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California updates taxability of news subscriptions


 No longer how most of us get our news.

Once upon a time, news was obtained primarily from printed newspapers. From California to Maine, morning coffee was accompanied with the rustle of turning pages and inked fingers. That still happens, but an increasing number of us now turn to their computers and mobile devices to obtain our news. As a result, some sales and use tax laws governing newspaper subscriptions are outdated.

The California Board of Equalization recently approved an amendment to Regulation 1590, Newspapers and Periodicals. It clarifies how California sales and use tax applies to mixed newspaper subscriptions, those allowing access to digital content in addition to the printed word.

Beginning October 1, 2016, “it is presumed that fifty-three percent of the lump-sum charge for a mixed newspaper subscription is for the nontaxable sale of the right to access digital content.” Accordingly, 47% of the charge is considered to be a taxable sale of printed material.

Newspapers are entitled to rebut this presumption by providing “evidence demonstrating … that the digital-only subscription rate is greater than fifty-three (53) percent.” Tax rates are subject to change quarterly.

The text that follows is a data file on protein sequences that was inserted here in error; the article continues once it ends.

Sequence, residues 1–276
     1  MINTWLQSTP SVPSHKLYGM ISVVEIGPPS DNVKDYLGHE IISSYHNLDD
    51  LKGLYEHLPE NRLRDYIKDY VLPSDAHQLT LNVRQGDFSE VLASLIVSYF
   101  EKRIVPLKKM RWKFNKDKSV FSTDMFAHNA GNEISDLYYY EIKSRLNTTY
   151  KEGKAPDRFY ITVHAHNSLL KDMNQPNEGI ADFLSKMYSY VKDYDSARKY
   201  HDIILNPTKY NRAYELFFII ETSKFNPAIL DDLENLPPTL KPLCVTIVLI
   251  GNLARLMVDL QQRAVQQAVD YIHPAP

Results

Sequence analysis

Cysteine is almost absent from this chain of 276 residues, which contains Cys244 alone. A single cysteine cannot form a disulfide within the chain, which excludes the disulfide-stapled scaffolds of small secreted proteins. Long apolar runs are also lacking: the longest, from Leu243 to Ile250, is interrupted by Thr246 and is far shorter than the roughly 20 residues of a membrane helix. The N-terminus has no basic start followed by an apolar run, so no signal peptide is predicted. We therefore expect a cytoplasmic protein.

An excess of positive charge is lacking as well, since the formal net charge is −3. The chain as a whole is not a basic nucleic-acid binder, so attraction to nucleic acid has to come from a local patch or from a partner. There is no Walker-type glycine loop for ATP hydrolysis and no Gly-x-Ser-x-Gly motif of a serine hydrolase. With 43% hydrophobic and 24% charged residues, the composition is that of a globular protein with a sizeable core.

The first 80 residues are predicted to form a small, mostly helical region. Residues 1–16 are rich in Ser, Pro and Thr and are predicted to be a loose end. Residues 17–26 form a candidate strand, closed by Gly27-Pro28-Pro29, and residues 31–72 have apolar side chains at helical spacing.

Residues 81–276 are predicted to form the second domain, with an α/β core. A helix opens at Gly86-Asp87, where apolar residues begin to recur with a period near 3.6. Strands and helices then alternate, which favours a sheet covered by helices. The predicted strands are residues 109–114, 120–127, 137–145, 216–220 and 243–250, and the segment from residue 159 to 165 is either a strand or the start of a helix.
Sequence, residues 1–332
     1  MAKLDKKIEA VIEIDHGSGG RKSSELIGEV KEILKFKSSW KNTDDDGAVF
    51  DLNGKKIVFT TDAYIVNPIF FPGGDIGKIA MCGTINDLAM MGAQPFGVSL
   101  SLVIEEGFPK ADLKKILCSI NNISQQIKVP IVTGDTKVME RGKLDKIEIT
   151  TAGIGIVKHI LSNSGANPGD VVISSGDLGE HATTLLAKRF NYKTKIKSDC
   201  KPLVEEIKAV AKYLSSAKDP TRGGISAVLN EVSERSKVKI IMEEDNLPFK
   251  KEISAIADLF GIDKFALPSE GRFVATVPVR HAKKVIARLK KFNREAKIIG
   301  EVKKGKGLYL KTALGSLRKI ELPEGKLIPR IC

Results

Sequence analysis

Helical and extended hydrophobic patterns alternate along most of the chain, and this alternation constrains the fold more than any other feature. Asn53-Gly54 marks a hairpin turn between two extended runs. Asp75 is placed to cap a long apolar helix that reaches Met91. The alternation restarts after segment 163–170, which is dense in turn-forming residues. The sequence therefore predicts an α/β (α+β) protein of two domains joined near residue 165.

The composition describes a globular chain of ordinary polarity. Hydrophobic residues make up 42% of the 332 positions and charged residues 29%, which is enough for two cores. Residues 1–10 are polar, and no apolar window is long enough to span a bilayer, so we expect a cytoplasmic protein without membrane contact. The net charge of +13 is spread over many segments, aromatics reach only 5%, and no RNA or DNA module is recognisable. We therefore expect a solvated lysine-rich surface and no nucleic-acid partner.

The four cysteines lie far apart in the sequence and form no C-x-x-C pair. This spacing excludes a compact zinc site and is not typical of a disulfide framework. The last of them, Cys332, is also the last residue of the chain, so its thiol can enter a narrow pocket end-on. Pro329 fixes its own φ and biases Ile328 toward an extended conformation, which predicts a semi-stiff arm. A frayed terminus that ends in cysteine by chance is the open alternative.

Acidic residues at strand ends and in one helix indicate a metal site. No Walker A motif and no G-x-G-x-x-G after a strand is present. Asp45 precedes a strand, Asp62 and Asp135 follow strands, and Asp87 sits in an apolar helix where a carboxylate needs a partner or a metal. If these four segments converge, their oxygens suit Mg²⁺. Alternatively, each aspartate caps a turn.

The taxation of digital goods and content is much in flux, making compliance challenging. Sales tax automation software enables businesses in all states to comply with the most up-to-date rates, rules, and regulations. Learn more.


Gail Cole
Avalara Author
Gail Cole
Gail Cole
Avalara Author Gail Cole
Gail began researching and writing about sales tax in 2012 and has been fascinated with it ever since. She has a penchant for uncovering unusual tax facts, and endeavors to make complex sales tax laws more digestible for both experts and laypeople.